Million floating point operations per second  shortened to MFLOP as an acronym  is a computer science measurement that describes supercomputer processing speeds. The measurement normalizes the time it takes for a computer to execute an instruction. Computer instruction time can vary between 29 and 600 computer cycles. The MFLOP measure serves as a good approximation of the speed of a supercomputer as long as you use common baselines when comparing the speeds of two competing supercomputers.

Normalize the number of computer cycles assumed to execute per computer instruction. To demonstrate in a general formula, this value is represented by Y cycles / instruction.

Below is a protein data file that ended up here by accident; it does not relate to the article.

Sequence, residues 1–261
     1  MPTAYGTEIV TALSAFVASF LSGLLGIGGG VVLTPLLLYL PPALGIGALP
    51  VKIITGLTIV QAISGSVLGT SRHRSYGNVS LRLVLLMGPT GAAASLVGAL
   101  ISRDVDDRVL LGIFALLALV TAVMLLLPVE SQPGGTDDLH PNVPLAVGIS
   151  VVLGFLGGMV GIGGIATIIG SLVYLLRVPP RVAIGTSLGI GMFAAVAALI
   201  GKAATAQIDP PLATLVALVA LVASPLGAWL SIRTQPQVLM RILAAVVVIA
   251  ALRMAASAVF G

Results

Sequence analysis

Obtain the microprocessor cycles per second execution speed from the documentation provided with your processor, or from benchmarking programs. For the Macintosh IIx processor, the speed is 15.6672 m cycles/sec.

Obtain the speed of processor in MFLOPS by inverting the cycles per computer instruction value and multiplying by the number of cycles per second of the processor:
1 instruction / Y cycles * 15.6772m cycles / second.

Compare the result to other computers conducting simular benchmark testing. In this example, the processor speed is 15.6772 MFLOPS.